The complex history of the Walla Walla soil has also helped facilitate the wine industry. 15,000 years ago, glacial floods brought mineral-rich silt to the area. Heavy winds deposited a form of silt called loess into the soil, allowing for the perfect amount of drainage for the grapevines. Finally, volcanic eruptions covered the area in rich ash. Volcanic ash breaks down quickly and releases minerals when it is in contact with the sun, making it ideal for nurturing growing vines. (Indeed, most world-renowned wine regions, from Napa to France to Italy to Germany have benefited from volcanic ash in their soil.)

Cabernet GrapesBecause Walla Walla is on latitude 46°, just like the Burgundy and Bordeaux regions of France, it has long summer days and short, cool nights to create the perfect balance between sugar and acidity in the final wine product. Regardless of the stereotypes about Washington as a super rainy state, during the 200-day long growing season, Walla Walla has two hours more sunlight per day than California. Thanks to Walla Walla’s extended summer, grapes can be left on the vine longer than they can in most places. Walla Faces, for example, often doesn’t harvest until the middle of November.

It’s no wonder that Walla Walla has been producing some of the best wines in the country since in the mid-1980s.

The first grapes were planted in Walla Walla as early as the 1850s, but it wasn’t until the 1970s that the industry really began to take hold. Although Walla Walla originally gained notoriety for its Merlot, it is now producing some of the most delicious American Syrahs and Cabernets. 41% of the grapes grown in the Walla Walla Valley are Cabernet Savignon, followed by Merlot and Syrah. These luscious reds should not be missed. Our delicious white-peppery Syrah, smooth Fusion Cabernet blend and fruit-forward Reserve Cabernet all benefit from the amazing region where they are grown.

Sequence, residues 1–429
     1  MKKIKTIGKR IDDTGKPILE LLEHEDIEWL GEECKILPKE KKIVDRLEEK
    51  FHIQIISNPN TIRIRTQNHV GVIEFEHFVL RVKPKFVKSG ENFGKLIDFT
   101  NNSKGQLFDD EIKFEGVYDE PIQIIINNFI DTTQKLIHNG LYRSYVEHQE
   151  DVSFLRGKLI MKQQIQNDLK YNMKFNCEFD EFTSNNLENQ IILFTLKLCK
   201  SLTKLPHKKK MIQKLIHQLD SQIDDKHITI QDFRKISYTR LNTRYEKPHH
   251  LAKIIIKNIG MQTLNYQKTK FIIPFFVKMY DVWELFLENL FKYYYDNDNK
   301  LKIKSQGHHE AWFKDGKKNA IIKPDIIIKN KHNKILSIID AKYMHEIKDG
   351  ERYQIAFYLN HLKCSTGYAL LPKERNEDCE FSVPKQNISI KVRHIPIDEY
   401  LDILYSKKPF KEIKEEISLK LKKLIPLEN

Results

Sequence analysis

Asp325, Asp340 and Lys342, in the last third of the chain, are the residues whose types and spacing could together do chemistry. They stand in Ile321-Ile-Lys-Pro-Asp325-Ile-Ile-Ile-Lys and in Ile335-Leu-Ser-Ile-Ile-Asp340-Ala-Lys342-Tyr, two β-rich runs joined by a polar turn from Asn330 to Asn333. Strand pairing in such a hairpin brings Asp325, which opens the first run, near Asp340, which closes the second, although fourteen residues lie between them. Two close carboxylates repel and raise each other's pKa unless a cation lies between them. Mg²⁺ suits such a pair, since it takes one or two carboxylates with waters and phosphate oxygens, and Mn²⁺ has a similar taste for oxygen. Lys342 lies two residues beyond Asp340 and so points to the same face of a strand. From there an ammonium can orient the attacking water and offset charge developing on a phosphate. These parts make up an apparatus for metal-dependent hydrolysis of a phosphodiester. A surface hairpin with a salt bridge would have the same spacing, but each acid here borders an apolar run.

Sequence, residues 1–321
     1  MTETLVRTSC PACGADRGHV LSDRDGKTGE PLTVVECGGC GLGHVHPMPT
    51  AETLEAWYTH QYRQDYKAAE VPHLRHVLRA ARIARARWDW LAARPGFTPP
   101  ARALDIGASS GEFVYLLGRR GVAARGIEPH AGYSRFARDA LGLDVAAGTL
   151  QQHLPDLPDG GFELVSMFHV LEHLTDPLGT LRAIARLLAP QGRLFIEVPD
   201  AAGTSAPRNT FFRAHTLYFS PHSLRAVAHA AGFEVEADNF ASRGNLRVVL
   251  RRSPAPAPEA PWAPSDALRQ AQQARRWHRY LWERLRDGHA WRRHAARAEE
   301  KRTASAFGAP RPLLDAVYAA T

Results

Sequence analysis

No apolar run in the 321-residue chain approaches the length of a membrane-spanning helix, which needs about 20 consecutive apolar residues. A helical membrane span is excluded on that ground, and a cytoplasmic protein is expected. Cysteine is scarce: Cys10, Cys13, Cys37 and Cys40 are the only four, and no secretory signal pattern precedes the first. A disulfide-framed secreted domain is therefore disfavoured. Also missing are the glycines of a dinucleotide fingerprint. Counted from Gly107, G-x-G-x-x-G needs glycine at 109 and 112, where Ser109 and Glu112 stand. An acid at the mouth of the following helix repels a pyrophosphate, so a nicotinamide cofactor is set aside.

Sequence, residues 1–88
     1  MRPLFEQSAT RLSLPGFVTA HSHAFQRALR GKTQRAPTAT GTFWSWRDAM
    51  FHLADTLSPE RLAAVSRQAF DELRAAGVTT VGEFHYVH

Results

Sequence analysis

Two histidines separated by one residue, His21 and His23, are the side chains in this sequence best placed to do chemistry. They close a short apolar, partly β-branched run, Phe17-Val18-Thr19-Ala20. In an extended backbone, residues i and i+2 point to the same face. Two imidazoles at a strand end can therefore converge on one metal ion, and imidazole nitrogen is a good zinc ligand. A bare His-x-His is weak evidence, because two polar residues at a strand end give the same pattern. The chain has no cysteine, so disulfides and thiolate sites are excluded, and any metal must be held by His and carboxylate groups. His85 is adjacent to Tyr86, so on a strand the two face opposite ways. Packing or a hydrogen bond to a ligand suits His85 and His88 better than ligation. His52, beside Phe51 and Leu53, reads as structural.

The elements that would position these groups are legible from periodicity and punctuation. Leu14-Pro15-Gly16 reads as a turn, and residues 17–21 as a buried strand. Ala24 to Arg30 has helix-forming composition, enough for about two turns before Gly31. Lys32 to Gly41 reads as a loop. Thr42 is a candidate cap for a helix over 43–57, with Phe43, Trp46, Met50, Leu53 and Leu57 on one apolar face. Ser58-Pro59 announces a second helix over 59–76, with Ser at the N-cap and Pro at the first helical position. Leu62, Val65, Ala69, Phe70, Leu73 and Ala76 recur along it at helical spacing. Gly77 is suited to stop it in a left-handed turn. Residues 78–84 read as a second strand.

Cabernet Sauvignon, Syrah, Riesling, Ice WineWalla Walla has even more to offer than the wine. Walla Walla has a myriad of upscale restaurants, a rich art and music scene, beautiful historic buildings, lush parks including a locally-run aviary, and a the longest-running symphony on this side of the Mississippi River.

If you want to visit these exceptional wine-growing conditions yourself, make your reservation at our hotel at the vineyard here.

Join us for “Jazz & Wine Among Friends”, a benefit to support Friends of Children of Walla Walla

Aug_24_2012Walla Faces is proud to participate in the 5th annual “Jazz & Wine Among Friends”. Proceeds for this event will go directly to benefit Friends of Children of Walla Walla.

Friends of Children of Walla Walla is a local non-profit that pairs children in Walla Walla with adult mentors. Participation in mentor programs can help children communicate effectively with their parents, decrease school absences, decrease drug use, increase academic performance, increase self-confidence and more.

The various venues are staggered so that entertainment will last from 4:30pm until midnight. Walla Faces is featuring Fork in the Road, a band featuring Dr. Mark Brown, the Executive Director of Friends of Children of Walla Walla.

The venues include:

4:30-6:30: Sinclair Estate Vineyards, 109 E Main St., featuring Gary Hemenway